Q&A: General Terminology

What would be the difference between using a knife and using a dagger in combat?

I know you included your name, but I’ve anonymize it, because I don’t want this to sound like a teardown of you.

“Knife” is a catch all term. It includes an incredibly diverse range of bladed implements, ranging from kitchen utensils to combat tools and technical equipment. So, it wouldn’t be entirely inaccurate to say that there’s no such thing as, “a knife,” in any definitive sense; there are many knives, not just one.

Daggers are, slightly more uniform than that. They usually refer to double edged knives intended for use in combat; and yes, daggers are knives. These might be offensive weapons or parrying tools, and each of those are different weapons. These would later evolve into more specialized variants, like the stiletto; which is a dagger, and not a dagger.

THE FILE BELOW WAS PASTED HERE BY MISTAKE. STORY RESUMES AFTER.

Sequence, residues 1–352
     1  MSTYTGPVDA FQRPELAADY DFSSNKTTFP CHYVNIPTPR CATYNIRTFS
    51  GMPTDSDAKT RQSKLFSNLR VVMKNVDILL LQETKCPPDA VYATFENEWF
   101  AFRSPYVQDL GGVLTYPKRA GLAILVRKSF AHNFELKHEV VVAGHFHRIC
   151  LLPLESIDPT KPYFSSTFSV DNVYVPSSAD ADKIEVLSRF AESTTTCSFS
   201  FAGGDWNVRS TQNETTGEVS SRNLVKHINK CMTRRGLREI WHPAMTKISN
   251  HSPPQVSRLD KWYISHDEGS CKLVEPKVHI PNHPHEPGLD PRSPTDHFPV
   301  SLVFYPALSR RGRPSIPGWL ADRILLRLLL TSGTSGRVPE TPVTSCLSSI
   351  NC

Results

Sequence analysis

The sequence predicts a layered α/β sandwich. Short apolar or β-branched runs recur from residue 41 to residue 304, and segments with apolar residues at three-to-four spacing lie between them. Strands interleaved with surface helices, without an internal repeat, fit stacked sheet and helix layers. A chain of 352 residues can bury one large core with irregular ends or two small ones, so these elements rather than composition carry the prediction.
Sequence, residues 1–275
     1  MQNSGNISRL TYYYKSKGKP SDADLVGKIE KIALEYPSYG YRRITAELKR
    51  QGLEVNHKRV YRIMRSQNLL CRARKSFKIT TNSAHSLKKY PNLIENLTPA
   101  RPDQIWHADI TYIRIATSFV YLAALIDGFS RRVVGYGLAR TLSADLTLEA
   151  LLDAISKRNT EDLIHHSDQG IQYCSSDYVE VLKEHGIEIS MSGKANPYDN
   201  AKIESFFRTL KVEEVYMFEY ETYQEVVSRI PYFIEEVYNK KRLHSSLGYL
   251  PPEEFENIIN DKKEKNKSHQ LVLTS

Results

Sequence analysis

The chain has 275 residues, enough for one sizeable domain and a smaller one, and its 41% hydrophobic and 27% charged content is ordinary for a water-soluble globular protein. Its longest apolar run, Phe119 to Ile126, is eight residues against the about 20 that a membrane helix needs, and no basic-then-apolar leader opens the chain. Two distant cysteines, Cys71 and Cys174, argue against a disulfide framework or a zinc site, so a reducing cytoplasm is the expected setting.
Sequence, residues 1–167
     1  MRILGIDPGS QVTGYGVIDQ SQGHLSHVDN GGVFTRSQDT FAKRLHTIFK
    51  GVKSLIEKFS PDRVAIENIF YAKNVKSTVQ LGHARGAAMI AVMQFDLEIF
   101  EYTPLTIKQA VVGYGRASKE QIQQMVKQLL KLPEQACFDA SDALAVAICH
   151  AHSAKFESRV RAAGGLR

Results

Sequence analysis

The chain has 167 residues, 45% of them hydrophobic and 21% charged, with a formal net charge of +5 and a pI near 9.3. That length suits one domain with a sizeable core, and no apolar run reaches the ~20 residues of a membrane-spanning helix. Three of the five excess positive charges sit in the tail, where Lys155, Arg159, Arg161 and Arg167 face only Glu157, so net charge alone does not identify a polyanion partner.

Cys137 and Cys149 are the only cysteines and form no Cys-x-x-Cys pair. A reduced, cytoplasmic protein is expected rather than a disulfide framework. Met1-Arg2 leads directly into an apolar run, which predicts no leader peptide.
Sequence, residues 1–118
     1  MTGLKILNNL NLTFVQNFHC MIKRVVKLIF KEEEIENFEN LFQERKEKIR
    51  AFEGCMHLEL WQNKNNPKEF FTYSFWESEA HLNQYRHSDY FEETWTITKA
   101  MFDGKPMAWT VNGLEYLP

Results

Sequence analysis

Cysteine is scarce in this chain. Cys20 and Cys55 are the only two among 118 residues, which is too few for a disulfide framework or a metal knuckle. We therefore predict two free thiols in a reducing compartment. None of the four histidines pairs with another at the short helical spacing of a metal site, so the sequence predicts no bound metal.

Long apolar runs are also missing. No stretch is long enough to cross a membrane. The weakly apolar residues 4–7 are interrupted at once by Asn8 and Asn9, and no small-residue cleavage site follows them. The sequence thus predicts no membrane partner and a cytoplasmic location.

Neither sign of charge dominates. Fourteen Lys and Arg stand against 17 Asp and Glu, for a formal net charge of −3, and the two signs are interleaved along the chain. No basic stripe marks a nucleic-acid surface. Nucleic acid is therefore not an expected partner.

That’s the problem. These aren’t two separate weapons. Not like asking, “what’s the difference between a sword and an axe,” for example.

There is a legitimate question here: “How do you use different kinds of knives in combat?” Unfortunately, the answer is almost as diverse. There are knives designed to parry your opponent’s mainhand weapon. There are narrow blades designed to be inserted through gaps in their armor. There are broad blades, designed to carry themselves via their weight. There are serrated blades designed to do as much tissue damage on the way in and out. This is before you consider curved blades designed to slice more effectively, straight blades for piercing stabs, and a dizzying array of different combinations of designs.

-Starke

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